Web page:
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Crime and Punishment

Crime was dealt with much more severely in 1812 than today. Indeed, life was harsher and more physically demanding than it is today. Corporal punishment was often inflicted as a deterrent to crime. As in society where commoners were punished more harshly than the gentry for a given crime, so too were soldiers of the British army reprimanded in a physical way for an offence for which an officer would simply receive a fine. For a particularly onerous crime, the soldier could be shot or lashed to death; the officer would be banished from the army.

Four of twelve mutineers arrested in the summer of 1803 at Fort George were executed in early March, 1804, in Quebec City. A Court Martial sentenced three others to transportation as felons and acquitted five. The year before, these mutineers had planned to assassinate the commander of the fort, Lieutenant Colonel Roger Sheaffe. Colonel Isaac Brock of the 49th Regiment came from York to apprehend the guilty men. He was personally moved by this tradedy because he knew the men: they had been soldiers in his regiment, fighting against Napoleon on the battlefields of the Continent.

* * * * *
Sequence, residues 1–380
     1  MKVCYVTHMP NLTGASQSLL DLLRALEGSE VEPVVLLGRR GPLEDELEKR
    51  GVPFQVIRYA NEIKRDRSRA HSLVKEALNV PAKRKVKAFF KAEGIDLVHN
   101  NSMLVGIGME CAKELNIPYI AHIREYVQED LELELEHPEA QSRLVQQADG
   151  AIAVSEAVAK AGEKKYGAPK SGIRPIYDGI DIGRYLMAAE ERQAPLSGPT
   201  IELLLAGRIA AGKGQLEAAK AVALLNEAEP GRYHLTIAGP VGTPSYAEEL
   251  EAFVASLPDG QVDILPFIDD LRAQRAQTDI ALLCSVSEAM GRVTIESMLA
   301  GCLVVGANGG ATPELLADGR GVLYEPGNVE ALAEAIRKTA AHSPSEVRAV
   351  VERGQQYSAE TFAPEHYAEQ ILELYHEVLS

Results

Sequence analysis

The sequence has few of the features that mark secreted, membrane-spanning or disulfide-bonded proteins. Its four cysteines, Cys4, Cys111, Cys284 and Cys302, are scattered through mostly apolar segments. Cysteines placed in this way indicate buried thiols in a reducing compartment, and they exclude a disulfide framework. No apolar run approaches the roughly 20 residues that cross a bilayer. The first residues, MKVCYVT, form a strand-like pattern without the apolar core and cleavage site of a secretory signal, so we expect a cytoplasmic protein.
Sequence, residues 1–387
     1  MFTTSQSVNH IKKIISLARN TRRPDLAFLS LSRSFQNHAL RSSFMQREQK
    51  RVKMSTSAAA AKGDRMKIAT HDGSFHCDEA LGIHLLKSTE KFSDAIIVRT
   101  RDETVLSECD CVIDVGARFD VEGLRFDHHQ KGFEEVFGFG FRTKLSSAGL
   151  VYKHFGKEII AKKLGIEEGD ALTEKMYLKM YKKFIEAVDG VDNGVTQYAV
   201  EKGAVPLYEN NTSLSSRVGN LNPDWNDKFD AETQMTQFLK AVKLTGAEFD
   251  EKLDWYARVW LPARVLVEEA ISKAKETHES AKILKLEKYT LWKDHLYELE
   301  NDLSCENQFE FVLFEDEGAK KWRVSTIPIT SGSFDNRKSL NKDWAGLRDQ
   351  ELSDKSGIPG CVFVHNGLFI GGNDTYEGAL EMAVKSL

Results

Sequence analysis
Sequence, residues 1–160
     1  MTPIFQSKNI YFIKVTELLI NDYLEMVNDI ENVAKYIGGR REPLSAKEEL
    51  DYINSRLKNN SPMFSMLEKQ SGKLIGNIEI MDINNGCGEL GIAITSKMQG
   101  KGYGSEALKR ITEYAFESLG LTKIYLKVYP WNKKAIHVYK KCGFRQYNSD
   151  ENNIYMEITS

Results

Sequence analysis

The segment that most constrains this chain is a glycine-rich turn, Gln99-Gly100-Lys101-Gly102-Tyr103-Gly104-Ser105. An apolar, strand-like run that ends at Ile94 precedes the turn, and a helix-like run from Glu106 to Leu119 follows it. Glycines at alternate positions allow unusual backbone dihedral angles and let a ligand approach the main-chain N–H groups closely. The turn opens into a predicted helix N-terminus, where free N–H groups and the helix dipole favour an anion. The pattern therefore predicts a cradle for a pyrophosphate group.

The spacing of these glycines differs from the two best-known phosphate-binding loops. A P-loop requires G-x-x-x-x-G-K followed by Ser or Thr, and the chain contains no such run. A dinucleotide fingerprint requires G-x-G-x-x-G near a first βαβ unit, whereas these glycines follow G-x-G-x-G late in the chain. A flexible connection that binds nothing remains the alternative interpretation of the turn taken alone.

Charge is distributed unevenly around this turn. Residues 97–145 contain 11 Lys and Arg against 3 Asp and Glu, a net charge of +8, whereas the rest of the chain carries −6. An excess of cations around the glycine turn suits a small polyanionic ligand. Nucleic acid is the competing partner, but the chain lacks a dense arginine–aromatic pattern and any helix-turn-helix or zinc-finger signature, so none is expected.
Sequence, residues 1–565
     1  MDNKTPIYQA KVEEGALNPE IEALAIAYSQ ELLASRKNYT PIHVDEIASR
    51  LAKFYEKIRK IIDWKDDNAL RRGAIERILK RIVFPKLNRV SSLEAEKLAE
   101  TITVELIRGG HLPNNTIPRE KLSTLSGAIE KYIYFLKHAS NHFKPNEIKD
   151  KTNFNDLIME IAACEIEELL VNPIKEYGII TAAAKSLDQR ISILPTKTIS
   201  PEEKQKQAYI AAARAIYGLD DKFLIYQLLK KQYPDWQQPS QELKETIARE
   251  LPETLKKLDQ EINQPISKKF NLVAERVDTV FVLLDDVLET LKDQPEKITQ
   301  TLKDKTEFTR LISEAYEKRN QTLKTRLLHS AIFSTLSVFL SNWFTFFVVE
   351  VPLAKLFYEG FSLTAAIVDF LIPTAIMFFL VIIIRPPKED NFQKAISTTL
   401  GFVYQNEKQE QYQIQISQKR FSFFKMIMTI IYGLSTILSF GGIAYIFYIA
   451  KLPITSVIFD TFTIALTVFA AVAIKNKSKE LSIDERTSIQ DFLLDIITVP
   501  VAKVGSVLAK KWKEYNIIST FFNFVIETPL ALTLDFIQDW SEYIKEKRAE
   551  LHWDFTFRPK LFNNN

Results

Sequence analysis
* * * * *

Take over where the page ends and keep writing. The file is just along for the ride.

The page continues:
CLICK HERE to read about "The Ancaster Bloody Assize of 1814"

This drawing of a military execution shows the condemned man with his hands tied behind his back kneeling over his grave. The rest of the men were made to stand and watch, this would serve as a deterrent for others. When shot the man would fall into his grave, supposedly.